Lately I have been receiving a lot of comments regarding my website; this one that you are on right now. As many people know, there are a lot of ways that one can make/create a website. My first days of websites involved something called HTML coding. It is a very ugly, but logical, computer programming language that I taught myself. I actually wrote my own webpage on Geocities back in the 90’s. It took me 3 months to write ONE page of code. It was, and still is, very difficult and something like a slash / or > can totally mess up the entire page/site.
Later in life I moved onto other software. There was this really confusing program called Dreamweaver, and another even harder called Macromedia Flash. Just the thought of it gives me the shivers. So much work for so little reward. Not my favorite tools and at some point Microsoft got into the game and created FrontPage. It was somewhat user-friendly, and you could make basic sites without a lot of programming knowledge. FrontPage required the server to install “extensions” for it to be compatible. It also required extensive knowledge of cPanel, which is the server side interface that manages the domain, email accounts, redirects, subdomains, 404 pages, FTP access and a whole lot more. At some point Microsoft does what Microsoft does and they discontinued the product and released something called Microsoft Expressions. Again, not the most easiest product to use, but I managed to still create somewhat decent looking websites.
Flash forward and I discover this new platform that everyone is switching to called WordPress. There is nothing I love more than learning something entirely new. So I immersed myself in the WordPress Bible among dozens of other books that were not designed for a beginner like me. I knew code. Fortunately I am also a designer, and a wiz in Adobe Photoshop. You really can’t be a good web developer if you aren’t a web designer. WordPress took me about a year to master, and the things I was forced to learn included tweaking CSS code, using a true CMS system, databases, and of course, plugins. A plugin is another term for WordPress software. Some plugins are free, others cost money.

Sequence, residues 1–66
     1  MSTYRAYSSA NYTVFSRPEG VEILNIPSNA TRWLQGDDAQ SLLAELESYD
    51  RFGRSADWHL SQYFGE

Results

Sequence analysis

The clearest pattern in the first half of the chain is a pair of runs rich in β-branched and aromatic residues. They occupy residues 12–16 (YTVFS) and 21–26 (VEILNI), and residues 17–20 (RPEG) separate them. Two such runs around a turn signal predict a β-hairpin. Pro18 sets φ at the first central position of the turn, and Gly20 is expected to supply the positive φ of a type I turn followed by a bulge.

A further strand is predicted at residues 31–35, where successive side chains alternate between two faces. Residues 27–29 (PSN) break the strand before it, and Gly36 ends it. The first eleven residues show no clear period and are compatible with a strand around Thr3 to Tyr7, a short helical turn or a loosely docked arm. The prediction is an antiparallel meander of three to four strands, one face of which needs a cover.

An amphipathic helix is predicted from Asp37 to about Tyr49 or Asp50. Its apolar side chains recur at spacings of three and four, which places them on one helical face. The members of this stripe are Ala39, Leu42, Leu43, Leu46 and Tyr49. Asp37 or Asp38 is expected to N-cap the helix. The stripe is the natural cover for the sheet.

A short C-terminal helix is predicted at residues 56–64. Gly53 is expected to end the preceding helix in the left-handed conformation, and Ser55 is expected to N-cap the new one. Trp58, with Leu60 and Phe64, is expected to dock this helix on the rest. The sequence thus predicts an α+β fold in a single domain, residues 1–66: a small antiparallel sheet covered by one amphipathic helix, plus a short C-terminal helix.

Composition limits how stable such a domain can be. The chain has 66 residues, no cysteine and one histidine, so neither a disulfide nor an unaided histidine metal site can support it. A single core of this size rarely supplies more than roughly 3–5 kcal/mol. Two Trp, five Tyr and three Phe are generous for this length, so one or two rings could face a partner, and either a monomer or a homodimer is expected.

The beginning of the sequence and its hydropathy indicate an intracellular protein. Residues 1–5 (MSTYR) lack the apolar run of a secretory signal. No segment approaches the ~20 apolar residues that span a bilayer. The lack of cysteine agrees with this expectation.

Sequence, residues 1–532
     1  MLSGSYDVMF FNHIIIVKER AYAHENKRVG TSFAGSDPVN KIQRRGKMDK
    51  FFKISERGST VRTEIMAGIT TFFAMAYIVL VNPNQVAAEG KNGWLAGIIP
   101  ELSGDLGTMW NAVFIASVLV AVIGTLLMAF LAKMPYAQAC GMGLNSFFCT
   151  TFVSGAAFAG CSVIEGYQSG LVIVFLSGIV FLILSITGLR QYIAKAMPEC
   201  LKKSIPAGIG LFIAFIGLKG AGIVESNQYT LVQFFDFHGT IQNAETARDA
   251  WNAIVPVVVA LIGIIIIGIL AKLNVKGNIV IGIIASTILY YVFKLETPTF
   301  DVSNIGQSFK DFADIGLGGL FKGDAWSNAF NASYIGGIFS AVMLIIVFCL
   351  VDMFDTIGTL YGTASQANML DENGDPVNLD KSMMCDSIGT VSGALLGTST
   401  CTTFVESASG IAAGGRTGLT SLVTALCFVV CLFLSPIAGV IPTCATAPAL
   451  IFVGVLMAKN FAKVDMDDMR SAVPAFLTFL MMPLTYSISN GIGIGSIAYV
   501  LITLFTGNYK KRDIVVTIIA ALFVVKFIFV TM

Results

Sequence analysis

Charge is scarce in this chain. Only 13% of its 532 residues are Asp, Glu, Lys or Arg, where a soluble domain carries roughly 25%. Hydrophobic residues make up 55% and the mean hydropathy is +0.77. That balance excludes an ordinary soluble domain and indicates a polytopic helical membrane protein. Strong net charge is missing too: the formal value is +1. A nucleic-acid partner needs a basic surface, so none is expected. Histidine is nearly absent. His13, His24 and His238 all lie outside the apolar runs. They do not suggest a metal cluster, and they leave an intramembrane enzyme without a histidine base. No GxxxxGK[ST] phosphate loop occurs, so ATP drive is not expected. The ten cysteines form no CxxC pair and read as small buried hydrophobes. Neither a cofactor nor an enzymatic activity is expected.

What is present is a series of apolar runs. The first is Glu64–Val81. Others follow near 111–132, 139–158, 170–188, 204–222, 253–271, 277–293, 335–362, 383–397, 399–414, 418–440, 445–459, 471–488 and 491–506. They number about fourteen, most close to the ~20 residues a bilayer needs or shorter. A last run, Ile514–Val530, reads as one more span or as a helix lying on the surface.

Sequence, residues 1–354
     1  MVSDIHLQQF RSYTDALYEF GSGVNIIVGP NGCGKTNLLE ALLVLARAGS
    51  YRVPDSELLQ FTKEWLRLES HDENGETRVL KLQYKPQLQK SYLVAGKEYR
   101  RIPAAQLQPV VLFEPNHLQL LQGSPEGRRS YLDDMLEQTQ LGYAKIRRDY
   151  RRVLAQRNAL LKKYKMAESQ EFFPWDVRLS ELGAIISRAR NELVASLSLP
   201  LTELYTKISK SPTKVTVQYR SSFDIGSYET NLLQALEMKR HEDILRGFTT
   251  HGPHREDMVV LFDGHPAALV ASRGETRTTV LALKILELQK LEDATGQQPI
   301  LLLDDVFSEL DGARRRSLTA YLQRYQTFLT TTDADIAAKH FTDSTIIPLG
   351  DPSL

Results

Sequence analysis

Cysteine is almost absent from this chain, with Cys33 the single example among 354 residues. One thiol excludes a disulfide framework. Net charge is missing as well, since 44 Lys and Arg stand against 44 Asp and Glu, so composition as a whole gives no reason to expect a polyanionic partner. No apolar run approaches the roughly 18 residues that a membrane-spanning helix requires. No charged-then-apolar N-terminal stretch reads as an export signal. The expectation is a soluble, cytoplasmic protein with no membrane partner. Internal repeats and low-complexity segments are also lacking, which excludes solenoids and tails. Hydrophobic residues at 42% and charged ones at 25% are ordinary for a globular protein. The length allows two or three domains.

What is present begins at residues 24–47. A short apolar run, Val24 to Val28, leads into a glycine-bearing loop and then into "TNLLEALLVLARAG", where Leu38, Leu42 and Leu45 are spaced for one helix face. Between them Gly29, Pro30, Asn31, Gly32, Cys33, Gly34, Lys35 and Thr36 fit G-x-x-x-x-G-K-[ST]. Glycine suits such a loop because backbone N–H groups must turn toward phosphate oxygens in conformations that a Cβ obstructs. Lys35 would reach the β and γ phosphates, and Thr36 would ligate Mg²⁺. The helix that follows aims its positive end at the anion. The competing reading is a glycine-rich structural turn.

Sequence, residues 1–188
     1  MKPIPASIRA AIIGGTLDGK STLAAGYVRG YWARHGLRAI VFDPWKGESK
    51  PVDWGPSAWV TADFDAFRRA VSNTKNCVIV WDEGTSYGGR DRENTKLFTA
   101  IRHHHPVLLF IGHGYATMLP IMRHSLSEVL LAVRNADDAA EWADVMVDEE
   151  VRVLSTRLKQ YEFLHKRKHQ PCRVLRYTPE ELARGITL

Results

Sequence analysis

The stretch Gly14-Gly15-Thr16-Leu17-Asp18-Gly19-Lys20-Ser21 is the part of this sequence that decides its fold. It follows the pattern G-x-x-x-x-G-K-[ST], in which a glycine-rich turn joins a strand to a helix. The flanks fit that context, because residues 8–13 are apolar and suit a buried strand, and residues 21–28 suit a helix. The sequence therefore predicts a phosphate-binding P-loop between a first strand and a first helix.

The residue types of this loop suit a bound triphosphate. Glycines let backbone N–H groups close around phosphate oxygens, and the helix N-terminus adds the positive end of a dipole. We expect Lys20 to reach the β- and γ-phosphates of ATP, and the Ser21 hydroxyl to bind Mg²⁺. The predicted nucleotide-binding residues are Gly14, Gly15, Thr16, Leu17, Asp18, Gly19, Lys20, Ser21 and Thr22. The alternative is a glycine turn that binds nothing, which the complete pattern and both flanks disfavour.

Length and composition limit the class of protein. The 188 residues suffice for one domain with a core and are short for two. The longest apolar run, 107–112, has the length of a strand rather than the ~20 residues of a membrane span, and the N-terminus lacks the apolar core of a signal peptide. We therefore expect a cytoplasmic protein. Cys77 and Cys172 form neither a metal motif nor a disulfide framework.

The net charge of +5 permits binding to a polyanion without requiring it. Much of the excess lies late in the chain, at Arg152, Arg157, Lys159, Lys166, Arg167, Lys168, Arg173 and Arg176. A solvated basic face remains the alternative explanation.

Probably the single most reason a person would NOT want to use a WordPress.com FREE account, is that you are unable to access the code to modify it, OR install any plugins. Sure you can upgrade through their site to get the functionality, but you end up pay WAY more than if you hosted it yourself, or had someone host it for you. When you decide on a server/host, it should be on a UNIX system (my preference, more stable), and if you can afford it, an SSL certificate so you can sell products. Unlimited everything is great, however realistically, your site will get less than 100 hits per day when you first launch. The standard WordPress installation is only 10 megs. Yes, you heard me correctly. With WordPress you can link all your pictures from somewhere else, such as DropBox.com, Pinterest, or wherever, so you never really need to host big graphics on your account. The same goes with video. You link your YouTube, don’t host it yourself.
Do anything you can to take the load off of your server for when you do have a lot of traffic. I also use a caching plugin on my site. It creates static files to serve to users when they return so it does not take as long to load the site. My site also does something called a “lazy load” where it loads each pages one at a time, from top to bottom. Why? Your reader can only read so fast, why load all pages equally (like old school) when you risk losing your reader. There is something that I call the 8 second rule. After analyzing countless website statistics reports I found that the average user only gives your website 8 seconds before they leave, shut it down, or just give up. Yes, we are impatient people. Using scrolling websites with good text, graphics and organization I am more likely to keep a user on my site than if I let them navigate through the menu alone.
I like to use analogies. People can relate. You can think of your website like a car. In this day and age, almost everyone has a car, just like everyone has a web presence. It may not be owned by yourself, such as your personal Facebook page, but most people have something. Is everyone’s car the same? No. Is everyone’s website the same? No. Could I build a car? Perhaps, with the right training, education, mentors, and on the job training, I am sure I could at some point. Can everyone build a website? Again, same answer.